Homily on the 23rd Sunday in Ordinary Time Year B, 09/09/2018

Lord, give us true gift of freedom

And help us to see what you see and hear what you hear,

 so as to link our social issues with your Gospel.


Where am I deaf? Where am I blind? These are the questions an authentic Christian disciple cannot assume asking especially today when Saint James in the second reading is powerfully speaking to us. He is addressing a community which is becoming proud because it includes the wealthy and distinguished men and women and this community is falling into a risk of indifference to the rights of the poor and justice is disappearing. Love of the neighbor which is the cornerstone to justice is disappearing. They are becoming blind; they are becoming deaf to their social realities/concrete situations.

We are gifted and truly blessed in many ways but our pride and hardness can make us blind and deaf to the injustices around us, to the poor person living at our gate. God is concerned with our social life; he is concerned with our blindness and hardness of hearing.  Isaiah alludes to the Lord’s coming; “he will come and save you” (Isa 35:4), Jesus shows us his concern in the gospel today.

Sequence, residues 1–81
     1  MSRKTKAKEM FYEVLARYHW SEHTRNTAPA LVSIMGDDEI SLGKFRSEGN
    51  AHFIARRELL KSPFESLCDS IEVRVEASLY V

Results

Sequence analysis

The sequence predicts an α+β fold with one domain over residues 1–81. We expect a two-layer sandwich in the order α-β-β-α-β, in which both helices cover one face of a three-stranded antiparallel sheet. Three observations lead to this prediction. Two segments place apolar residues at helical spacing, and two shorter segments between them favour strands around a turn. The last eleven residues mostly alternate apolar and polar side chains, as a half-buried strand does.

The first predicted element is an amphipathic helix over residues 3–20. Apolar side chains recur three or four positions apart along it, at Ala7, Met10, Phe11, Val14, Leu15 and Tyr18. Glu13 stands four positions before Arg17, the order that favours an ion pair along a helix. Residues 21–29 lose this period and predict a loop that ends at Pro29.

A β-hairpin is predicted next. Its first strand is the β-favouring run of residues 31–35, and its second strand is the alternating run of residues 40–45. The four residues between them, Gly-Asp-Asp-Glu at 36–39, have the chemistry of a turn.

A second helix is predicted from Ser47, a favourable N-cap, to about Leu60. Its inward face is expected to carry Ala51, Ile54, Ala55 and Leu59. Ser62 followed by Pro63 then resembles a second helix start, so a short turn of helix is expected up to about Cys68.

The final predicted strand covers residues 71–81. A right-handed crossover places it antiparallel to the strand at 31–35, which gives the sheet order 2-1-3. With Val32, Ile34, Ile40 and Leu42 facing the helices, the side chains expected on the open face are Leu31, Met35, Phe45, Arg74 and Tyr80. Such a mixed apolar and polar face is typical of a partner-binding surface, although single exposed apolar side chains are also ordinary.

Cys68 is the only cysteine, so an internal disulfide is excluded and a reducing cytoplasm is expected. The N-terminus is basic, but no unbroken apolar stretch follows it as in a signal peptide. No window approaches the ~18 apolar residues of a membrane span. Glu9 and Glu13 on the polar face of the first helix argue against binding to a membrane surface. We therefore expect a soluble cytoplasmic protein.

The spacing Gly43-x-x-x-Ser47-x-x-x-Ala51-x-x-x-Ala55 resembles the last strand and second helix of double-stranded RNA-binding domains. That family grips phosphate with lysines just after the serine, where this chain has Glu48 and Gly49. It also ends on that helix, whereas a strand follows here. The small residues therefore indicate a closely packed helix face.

Where am I blind? Where can’t I hear?

The blindness I am referring to is not the one I met in one person in the parish I worked a couple of years ago. He was blind yet he was truly gifted with a mastery of every person’s voice he listened to. Though he was blind he connected himself with his community through that sense of hearing. He articulately said the intercessory prayers in every Sunday mass. He wasn’t spiritually blind.

What makes a Christian disciple blind or deaf so as to lose the vision of God’s reign? Jesus invites us to answer this question today. Our indifference to injustices happening around us, science that offers a rationality that excludes God, a culture that promotes corruption and unforgiviness that yields revenge and bitterness makes us spiritually blind.

Ephphatha- “Be opened”, these are the words of Jesus to all of us distinguished men and women, ladies and gentlemen, learned and unlearned and people of all walks of life. Jesus invites us to see and hear his vision, see the beauty of faith, sacraments, community and social issues around us. He invites us to create a just social order and be in solidarity with the poor and the marginalized.

We cannot separate social issues with the gospel. We can only admit we suffer a deficit in our capacity to see and hear perhaps; an orphan who lacks parental love and needs our attention, a lay person longing to receive the annulment in her marriage that seems in jeopardy, or any other pastoral issue/need, a youth or any person who is struggling with drug addiction, a religious person silently struggling to respond to his /her vocation and the high cost of living at the expense of us all and especially more painful to the poor.

Blessed Sunday